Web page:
Forgotten Leaders of the American Civil War – George H. Sharpe, Spymaster

sharpe

Born in Kingston, New York, in 1828, George H. Sharpe was a lawyer, Republican politician, soldier, and most importantly, spymaster and intelligence pioneer. He graduated from Rutgers in 1847 at the age of 19, giving the salutary address in Latin. He passed the bar in 1849, but then spent time traveling and studying in Europe for several years, spending some time at U.S. diplomatic posts in Vienna and Rome. He returned in 1854 and spent the next six years practicing law. In 1861, he joined the Union army as a captain in the 1st Regiment of New York Volunteers.

In 1862, he was appointed colonel of the 120th New York Infantry, serving with some distinction in late 1862. In early 1863, he was made a deputy provost marshal general, and assigned to run Joseph Hooker’s new creation, the Union Intelligence Bureau; Sharpe soon changed the name to the Bureau of Military Information. In theory, he reported to provost general Marsena Patrick, but in practice, Patrick usually had little specific idea what Sharpe was up to or any real authority over him. Sharpe had a very capable second in John C. Babcock, one of the few intelligence specialists to stay on after Pinkerton’s resignation. Unlike Pinkerton, Babcock was capable of accurate intelligence gathering, and particularly specialized in interrogating deserters and prisoners, and he became an expert on the order of battle for Lee’s army.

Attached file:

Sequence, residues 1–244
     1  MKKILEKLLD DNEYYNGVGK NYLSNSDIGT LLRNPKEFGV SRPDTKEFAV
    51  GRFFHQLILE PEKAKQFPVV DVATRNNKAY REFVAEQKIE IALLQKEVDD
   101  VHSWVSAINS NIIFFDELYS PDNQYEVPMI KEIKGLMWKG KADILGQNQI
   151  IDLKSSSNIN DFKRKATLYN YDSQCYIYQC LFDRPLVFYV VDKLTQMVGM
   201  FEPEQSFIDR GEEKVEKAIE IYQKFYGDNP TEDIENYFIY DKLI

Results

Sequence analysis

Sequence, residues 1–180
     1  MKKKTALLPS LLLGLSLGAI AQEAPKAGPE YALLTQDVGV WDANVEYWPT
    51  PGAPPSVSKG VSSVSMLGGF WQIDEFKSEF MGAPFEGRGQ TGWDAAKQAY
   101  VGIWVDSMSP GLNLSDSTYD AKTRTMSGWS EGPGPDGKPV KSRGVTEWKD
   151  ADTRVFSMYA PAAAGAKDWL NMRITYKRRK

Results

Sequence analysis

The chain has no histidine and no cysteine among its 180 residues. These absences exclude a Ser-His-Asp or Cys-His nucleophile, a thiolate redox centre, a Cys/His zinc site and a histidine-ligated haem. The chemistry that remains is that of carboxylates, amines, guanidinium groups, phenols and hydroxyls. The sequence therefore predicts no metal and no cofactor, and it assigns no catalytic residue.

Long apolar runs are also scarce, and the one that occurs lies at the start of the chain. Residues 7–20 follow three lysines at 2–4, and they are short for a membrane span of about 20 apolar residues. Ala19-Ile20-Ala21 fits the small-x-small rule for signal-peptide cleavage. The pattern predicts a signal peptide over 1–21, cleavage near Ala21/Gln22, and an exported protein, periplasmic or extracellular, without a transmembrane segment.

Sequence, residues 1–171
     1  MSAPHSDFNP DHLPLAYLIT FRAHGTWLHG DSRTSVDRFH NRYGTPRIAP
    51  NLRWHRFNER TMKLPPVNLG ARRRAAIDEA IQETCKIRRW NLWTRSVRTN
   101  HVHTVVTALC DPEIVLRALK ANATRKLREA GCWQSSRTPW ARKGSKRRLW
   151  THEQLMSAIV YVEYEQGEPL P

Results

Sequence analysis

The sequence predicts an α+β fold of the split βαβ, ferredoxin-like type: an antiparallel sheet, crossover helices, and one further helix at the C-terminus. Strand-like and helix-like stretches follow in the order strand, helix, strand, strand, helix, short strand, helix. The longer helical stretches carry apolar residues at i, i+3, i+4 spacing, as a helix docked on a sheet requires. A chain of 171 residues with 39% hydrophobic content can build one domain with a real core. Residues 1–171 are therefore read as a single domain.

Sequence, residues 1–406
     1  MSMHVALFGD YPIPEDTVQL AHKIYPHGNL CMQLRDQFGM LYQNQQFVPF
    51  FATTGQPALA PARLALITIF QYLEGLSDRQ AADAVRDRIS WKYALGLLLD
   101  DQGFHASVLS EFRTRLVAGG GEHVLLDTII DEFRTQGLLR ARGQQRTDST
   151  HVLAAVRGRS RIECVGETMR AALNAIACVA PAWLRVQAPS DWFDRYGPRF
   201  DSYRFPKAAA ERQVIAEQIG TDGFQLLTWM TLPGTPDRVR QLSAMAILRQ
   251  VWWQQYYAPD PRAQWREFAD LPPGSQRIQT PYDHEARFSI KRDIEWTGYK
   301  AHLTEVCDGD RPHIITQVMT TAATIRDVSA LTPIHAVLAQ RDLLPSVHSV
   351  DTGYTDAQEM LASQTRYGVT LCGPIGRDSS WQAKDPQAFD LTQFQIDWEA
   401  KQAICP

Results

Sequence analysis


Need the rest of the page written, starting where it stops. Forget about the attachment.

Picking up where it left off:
Sharpe was quick to exploit information from Virginia Unionists, exploiting a existing underground of Richmond Unionists, and gave particular weight to reports from Unionists Isaac Silver and Ebenezer McGee, located near Lee’s army just across the Rappahannock River. Reports from their network played a great role in formulating Hooker’s strategy for the Chancellorsville Campaign. Sharpe also employed many scouts, often called “guides”, who penetrated Confederate lines to provide intelligence. Sharpe’s new BMI was soon providing extraordinarily accurate reports to Joseph Hooker’s headquarters, and based on these, Hooker formulated a brilliant strategy for the Chancellorsville Campaign. Unfortunately, Hooker quickly learned that the BMI could not continue supplying this kind of detail to him during the active campaign, and as Hooker had sent nearly all of his cavalry on a fairly pointless raid, he was handicapped and allowed his imagination to run away with him. The campaign resulted in defeat, and Hooker, previously a pioneer in forming the BMI and gathering intelligence on the enemy’s army, began to disregard it’s reports, much to the disgust of Sharpe and his erstwhile boss Patrick.